Survey Shows Continued Shift Toward Emerging Markets and Alts

A study by Deutsche Bank has revealed an anticipated asset allocation shift as asset owners migrate away from US equities into other asset classes.

(November 8, 2010) — A new survey by Deutsche Bank points to a continued desire to focus on emerging markets and alternative strategies, such as long-short equity, macro funds and special situations, as opposed to US equity.

“I think it’s one of the first times we’ve gotten proof of institutional investors leaving US equities, with data that confirms that trend,” commented an industry observer. “Here, we see proof that the money is going toward alternatives and emerging markets. The realization has come from the fact that strategic diversification alone is not sufficient to protect in downturns.”

The report — compiled by Deutsche Bank Pension Strategies & Solutions — discovered that hedge funds have emerged as one of the most popular areas for future investment, particularly among public and corporate defined benefit plans. While 46% of respondents anticipate increases to emerging markets and 41% for hedge funds over the next 12 months, 44% said they would like to decrease their exposure to US large-cap equities. Meanwhile, 38% said they would like to reduce exposure to small-cap equities.

Furthermore, the firm’s November 2010 report showed a continued effort to reduce surplus volatility. Respondents noted that interest rates would have to increase 200 basis points to make liability-driven investment strategies feasible.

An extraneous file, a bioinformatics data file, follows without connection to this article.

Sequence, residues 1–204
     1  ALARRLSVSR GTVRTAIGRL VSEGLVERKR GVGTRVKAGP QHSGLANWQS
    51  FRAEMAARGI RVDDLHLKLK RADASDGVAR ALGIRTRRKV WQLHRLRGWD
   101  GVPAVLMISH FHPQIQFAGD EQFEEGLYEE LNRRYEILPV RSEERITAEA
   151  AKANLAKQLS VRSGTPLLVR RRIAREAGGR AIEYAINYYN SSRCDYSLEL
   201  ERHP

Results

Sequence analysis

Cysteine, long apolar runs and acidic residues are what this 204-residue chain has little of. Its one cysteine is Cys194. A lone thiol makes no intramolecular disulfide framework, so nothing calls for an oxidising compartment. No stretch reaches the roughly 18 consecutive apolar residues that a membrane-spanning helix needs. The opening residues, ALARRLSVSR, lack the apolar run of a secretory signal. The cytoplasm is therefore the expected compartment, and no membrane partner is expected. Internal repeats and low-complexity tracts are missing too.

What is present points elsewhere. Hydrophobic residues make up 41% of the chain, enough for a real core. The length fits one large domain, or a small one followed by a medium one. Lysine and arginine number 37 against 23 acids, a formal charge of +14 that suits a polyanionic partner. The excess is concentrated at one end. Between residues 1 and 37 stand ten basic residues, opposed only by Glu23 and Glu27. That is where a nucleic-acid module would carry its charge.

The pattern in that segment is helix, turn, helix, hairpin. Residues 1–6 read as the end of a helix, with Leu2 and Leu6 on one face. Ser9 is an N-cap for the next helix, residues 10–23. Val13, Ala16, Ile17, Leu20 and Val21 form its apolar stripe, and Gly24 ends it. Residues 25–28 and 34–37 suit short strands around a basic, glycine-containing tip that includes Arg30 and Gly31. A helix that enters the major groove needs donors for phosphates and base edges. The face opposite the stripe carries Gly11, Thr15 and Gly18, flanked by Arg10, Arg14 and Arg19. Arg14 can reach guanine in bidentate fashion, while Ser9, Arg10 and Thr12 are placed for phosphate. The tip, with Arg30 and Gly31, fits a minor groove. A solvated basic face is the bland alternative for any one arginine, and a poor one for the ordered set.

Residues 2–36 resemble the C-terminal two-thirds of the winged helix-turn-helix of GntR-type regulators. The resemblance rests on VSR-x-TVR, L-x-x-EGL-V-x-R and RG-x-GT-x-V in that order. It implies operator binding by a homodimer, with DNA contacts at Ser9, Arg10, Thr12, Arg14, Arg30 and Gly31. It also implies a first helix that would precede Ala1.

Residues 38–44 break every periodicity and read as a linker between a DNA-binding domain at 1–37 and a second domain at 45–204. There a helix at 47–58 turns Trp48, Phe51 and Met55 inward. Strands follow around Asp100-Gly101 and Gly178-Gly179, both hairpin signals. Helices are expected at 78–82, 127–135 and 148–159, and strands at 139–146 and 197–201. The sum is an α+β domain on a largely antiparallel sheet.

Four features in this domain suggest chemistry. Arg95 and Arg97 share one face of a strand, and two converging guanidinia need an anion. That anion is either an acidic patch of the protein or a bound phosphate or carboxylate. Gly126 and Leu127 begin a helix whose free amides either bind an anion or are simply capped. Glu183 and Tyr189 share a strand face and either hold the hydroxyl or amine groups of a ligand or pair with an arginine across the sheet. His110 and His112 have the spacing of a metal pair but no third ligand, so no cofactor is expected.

In terms of tail risk hedging, the most frequent dialogue Deutsche Bank has had with institutional investors, the report said the results reflect a greater awareness of risks and risk management. While only 35% of respondents reported not looking at tail risk, 51% indicated that looking ahead, equity tail risk hedging will be a premier focus. “A large number of tail risk hedges will be placed this year to protect against black-swan type of events,” the industry observer stated.

The study was compiled by surveying 103 institutional investors in the US pension, endowment, and foundation community, or 20% of market participants, with assets under management of $1.2 trillion. Starting in mid‐September, the firm surveyed chief investment officers and other senior investment officers at these institutions to gain insight into the decisions that will drive pension, endowment, and foundation investing in the end of 2010 and through 2011. Thirty-nine percent of respondents were from corporate pension plans, 27% public pension plans, 17% endowments, 12% foundations and the remainder from other institutions.

To contact the <em>aiCIO</em> editor of this story: Paula Vasan at <a href=''></a>; 646-308-2742